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considerably from the standard general chemistry ones in that their aim is not to complete a set of prescribed tasks, but rather to use a limited set of resources (chemical relationships, charts, websites, experimental setups, etc.) to accomplish one or two specific goals. Often the goal is simply to identify an unknown compound or composition, and the students have the freedom to solve the problem however they choose to do so. In the end, students come away with a much more thorough understanding of what they did and why it worked (or why it did not) because they have to be responsible for deciding on their specific path towards the goal and must engage the material to evaluate their choices. They learn very quickly the value of advanced planning based on accurate conceptual knowledge.

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Integration of Engineering and Chemistry

The interaction of engineering and chemistry is used to motivate the student. A deliberate attempt is made to have one integrated course rather than two individual 2-credit courses stitched together. For example, the chemist first teaches about the crystalline structure of metallic solids, and then the engineering application is shown when the engineer subsequently teaches about slip planes and fracture mechanics. Phase diagram concepts are pulled in from the traditional chemistry course, but the emphasis is shifted to solid solutions in order to correlate with the materials science study of metallic solutions. Acid-base equilibrium is covered from the traditional chemistry course, and those topics are used to build a foundation for looking at half- cell potentials and corrosion.

The chemistry topics are taught in close conjunction with specific technologies in order to appeal to engineering students who typically need to see why certain knowledge is valuable. Solid state chemistry proves to be difficult for students as they try to conceptualize three-dimensional structures for the first time. Unfortunately, many of the standard examples (NaCl, ZnS, etc.), if simple, lack relevance for the students. More technologically interesting materials are generally too complex. For this course we try to elevate interest in atomic arrangements and crystallographic descriptions by teaching it within the context of semiconductors and LED technology. In the lab the students move from solid state modeling of semiconductor materials, to using diffraction to measure the wavelength of light from a range of LED's, to finally designing appropriate compositions of gallium based semiconductors for use in stoplights.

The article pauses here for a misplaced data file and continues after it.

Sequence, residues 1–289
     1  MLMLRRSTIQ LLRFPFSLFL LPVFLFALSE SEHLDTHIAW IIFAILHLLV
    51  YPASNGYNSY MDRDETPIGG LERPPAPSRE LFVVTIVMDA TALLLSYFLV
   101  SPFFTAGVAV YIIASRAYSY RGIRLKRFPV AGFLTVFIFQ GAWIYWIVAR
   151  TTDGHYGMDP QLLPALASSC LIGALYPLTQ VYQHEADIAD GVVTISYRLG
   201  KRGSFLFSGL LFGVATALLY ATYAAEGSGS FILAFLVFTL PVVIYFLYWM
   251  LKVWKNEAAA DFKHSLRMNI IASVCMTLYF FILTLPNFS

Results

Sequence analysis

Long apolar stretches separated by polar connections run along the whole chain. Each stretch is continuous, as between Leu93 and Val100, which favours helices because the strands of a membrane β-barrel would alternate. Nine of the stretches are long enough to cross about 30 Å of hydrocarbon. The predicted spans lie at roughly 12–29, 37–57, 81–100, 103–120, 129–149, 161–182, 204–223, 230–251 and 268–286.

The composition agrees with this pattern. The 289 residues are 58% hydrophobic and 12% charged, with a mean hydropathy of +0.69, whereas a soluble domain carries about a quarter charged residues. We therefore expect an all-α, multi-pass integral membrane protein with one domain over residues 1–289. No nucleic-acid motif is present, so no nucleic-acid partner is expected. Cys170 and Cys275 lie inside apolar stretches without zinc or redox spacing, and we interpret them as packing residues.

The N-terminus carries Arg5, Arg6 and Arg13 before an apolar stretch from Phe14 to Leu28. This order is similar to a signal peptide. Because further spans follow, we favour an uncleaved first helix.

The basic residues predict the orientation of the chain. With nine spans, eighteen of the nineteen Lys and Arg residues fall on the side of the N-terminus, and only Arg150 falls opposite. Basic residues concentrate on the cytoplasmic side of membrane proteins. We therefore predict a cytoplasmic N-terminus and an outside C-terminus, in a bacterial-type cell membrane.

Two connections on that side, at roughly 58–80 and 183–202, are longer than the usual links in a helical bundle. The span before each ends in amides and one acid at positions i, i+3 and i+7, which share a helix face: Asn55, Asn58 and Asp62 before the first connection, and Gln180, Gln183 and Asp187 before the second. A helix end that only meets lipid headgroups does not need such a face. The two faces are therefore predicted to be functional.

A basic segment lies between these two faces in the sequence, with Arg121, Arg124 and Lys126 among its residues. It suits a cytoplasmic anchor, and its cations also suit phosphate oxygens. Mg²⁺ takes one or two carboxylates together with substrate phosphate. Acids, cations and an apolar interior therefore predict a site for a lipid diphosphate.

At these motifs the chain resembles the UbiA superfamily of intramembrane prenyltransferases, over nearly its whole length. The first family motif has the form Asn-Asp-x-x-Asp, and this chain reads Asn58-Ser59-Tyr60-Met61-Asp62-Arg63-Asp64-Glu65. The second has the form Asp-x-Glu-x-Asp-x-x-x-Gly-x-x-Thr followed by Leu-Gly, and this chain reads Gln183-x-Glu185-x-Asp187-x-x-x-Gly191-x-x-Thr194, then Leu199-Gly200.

Equilibrium chemistry is another topic that often challenges the students. In this course, the focus is shifted from esoteric knowledge to the chemistry of automobile (engine and exhaust), explosion chemistry, and the Haber-Bosch process. These provide concrete and interesting examples to the students of how the chemical concepts of equilibrium are essential to producing useful technologies.

The focus of the materials science is on using materials in engineering design. Students are challenged to look at how material properties arise from the chemistry and processing of materials. The course includes a design project on injection molding of a car door panel. From the project they learn how to do an engineering design project (currently we have three projects, and plan to have five, distributed to the five engineering courses of the first two years) and how material selection and processing conditions influence product properties and cost. Students have a choice of four polymers and three fillers. They can choose a neat polymer, a blend of two

Proceedings of the 2004 American Society for Engineering Education Annual Conference & Exposition Copyright © 2004, American Society for Engineering Education

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